Arab Spring Break
Credit: Courtesy Chris Jeon
The sun is setting in Benghazi when we touch down in April. I'm already having doubts about the journey. Just before getting on the plane, Jeon asked to put a bottle of vodka in my bag. He said there wasn't room in his.

"Really?" I asked.

"It's spring break," he said. "It'll be fine."

The first thing we encounter is a stern-looking customs official sitting beneath a sign that says alcohol is strictly prohibited in Libya. Every bag is X-rayed. Soon, he locates the bottle and is raging mad. He pours the bottle down a drain in front of us.

That night, we walk to Freedom Square, where the revolution started. The buildings around the square are lined with oversize photos of rebels who died in the war, which ended just five months ago. A group of men approach and ask where we are from. When Jeon introduces himself, they throw their arms up, shout, and embrace him. They had heard the stories of the Asian kid from L.A. who had fought on their behalf.

"He is famous here," Mohammed Al Zawwam tells me, explaining that rebel fighters had spread Jeon's story. Al Zawwam is a 28-year-old youth organizer and gets choked up the more he talks. "I don't have words to describe how I feel about what he did. He was fighting very bravely for us. He is amazing."

The next night, Jeon reunites with five of his rebel friends at a second-floor hookah cafe on the outskirts of Benghazi. It's a fluorescent-lit, smoke-filled room, and soon after we sit down, two guys near the entrance suddenly attack each other. One of the guys lands a series of rapid jabs to the face before he's pulled off by the staff. Things calm down, and Jeon's rebel friends tell him he looks fat. Everybody laughs, and the conversation resumes.

Ebrahem Benamer, a 23-year-old guy with a soul patch, tells me that he initially thought Jeon was a Special Forces commando sent by the U.S. to hunt Al Qaeda. Then he saw that Jeon didn't know where the safety was on a gun, and he concluded that he was just a guy who wanted to help the revolution.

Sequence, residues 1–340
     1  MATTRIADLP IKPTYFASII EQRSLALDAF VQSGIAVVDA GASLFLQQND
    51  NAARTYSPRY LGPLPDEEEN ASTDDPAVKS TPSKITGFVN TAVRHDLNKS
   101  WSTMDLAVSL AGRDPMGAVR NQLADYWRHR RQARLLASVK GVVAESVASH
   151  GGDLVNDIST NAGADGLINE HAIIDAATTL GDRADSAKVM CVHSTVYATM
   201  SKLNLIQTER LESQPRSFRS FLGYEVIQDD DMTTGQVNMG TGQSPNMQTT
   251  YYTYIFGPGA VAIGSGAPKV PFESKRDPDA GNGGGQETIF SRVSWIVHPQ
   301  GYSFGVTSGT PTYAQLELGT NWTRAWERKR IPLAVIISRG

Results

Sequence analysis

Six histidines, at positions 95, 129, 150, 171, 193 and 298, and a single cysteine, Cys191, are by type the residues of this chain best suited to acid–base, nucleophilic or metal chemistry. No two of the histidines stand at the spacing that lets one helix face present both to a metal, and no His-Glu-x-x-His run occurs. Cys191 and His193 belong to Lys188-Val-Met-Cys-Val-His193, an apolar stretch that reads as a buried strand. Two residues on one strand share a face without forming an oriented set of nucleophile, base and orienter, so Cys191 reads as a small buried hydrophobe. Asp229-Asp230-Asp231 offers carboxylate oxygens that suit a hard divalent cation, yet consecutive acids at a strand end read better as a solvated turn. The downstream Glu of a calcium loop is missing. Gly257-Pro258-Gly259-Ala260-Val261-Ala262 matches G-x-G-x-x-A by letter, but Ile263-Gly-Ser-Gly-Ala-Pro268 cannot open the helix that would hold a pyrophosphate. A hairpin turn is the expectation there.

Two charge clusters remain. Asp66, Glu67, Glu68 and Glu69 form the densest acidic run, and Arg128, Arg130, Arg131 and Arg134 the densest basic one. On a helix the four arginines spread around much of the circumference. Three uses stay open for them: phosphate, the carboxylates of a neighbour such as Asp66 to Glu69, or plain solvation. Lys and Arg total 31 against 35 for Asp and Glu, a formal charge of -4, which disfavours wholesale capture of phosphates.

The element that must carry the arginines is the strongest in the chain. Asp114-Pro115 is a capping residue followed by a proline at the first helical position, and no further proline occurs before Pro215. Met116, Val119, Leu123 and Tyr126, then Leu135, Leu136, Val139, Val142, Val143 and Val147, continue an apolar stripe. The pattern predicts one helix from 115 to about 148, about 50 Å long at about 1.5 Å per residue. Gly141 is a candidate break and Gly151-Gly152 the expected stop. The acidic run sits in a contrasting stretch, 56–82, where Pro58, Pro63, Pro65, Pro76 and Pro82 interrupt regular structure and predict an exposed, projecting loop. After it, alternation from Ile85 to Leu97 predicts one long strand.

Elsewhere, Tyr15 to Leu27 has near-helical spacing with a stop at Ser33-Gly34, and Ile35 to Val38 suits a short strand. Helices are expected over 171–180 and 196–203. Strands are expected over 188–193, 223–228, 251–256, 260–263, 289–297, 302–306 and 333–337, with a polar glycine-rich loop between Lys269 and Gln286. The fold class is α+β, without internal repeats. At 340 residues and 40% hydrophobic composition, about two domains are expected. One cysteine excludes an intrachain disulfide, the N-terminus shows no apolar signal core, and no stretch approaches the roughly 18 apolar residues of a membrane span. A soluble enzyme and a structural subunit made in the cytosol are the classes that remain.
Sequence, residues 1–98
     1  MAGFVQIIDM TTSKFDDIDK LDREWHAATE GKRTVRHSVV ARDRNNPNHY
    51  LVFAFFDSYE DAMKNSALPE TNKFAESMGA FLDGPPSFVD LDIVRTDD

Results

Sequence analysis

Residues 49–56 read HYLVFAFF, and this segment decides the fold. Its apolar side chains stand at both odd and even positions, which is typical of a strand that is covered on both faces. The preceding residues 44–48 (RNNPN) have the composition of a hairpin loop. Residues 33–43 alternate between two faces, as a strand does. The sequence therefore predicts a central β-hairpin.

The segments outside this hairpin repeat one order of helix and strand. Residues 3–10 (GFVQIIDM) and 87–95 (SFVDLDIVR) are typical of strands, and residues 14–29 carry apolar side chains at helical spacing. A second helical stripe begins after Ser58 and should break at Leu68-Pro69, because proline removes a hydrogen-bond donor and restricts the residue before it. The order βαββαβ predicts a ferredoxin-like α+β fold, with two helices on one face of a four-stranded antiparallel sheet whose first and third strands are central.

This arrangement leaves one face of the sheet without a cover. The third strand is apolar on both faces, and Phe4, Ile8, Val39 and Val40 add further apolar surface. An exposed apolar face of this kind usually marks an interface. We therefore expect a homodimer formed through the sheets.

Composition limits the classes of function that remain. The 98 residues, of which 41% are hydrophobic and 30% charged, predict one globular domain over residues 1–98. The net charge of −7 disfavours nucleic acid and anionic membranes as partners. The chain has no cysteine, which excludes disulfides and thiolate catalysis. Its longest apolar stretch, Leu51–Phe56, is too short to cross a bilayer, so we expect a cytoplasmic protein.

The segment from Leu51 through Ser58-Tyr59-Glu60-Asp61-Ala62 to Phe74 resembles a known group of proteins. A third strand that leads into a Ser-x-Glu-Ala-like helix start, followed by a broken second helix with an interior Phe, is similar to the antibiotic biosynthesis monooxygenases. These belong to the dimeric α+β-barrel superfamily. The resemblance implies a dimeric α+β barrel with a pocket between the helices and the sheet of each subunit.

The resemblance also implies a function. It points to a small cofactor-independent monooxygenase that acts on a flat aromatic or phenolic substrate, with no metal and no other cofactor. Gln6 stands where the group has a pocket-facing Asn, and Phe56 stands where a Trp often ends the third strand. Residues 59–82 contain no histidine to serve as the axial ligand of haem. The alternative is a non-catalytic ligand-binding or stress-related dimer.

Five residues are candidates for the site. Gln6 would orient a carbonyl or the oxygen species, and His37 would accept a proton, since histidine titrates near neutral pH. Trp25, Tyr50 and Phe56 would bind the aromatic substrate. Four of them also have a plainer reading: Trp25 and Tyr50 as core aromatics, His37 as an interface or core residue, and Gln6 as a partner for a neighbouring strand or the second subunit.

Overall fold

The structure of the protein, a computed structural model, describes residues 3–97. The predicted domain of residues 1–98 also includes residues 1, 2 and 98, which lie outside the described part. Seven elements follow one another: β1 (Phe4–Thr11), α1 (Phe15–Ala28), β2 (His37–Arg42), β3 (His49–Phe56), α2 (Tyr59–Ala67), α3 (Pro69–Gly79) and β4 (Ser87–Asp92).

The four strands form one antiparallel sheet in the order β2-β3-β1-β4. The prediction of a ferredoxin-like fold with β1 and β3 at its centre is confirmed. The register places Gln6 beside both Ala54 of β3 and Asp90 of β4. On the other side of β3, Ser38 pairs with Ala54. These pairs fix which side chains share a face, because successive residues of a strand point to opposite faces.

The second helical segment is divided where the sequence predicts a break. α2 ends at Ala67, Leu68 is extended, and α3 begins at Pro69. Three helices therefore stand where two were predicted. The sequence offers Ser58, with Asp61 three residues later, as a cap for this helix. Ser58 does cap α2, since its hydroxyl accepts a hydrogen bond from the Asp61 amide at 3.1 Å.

"We thought American people didn't care about Libya," Benamer says. "But after we met Ahmed, we realized we were wrong."

When the hookahs are smoked through, Jeon gets antsy. He's heard there's an informal "drifting" competition in the square, and he wants to check it out. When we arrive, four cars whip past us, skidding sideways. There are no barriers between the 1,000-odd spectators and the cars, which skid perilously close to the crowd. Within an hour, we see two sets of cars crash into each other. A spectator tells me that a few months ago, a car smashed into a pack of people, killing three.

Benamer wants to give it a try in his pickup truck, which is still emblazoned with the spray-painted logo of his brigade. He honks his way through the crowd, stomps on the accelerator, and starts fishtailing across the square. When he comes to a stop near us, Jeon yanks open the back door and leaps in. I follow him.

Benamer peels away before I even shut the door. As I struggle to close it, I notice his AK-47 rattling on the floor. It looks like it's loaded. "Libya drift 2012!" Jeon shouts beside me. He's filming himself with a pocket camera. Benamer spins the wheel, forcing the car into long, semicontrolled skids, and then accelerates, gunning for a dramatic slide. We spin sideways at about 40 mph, heeling up on two wheels before the truck crashes on its side. Ten minutes after we crawl from the wreckage, we are taken hostage.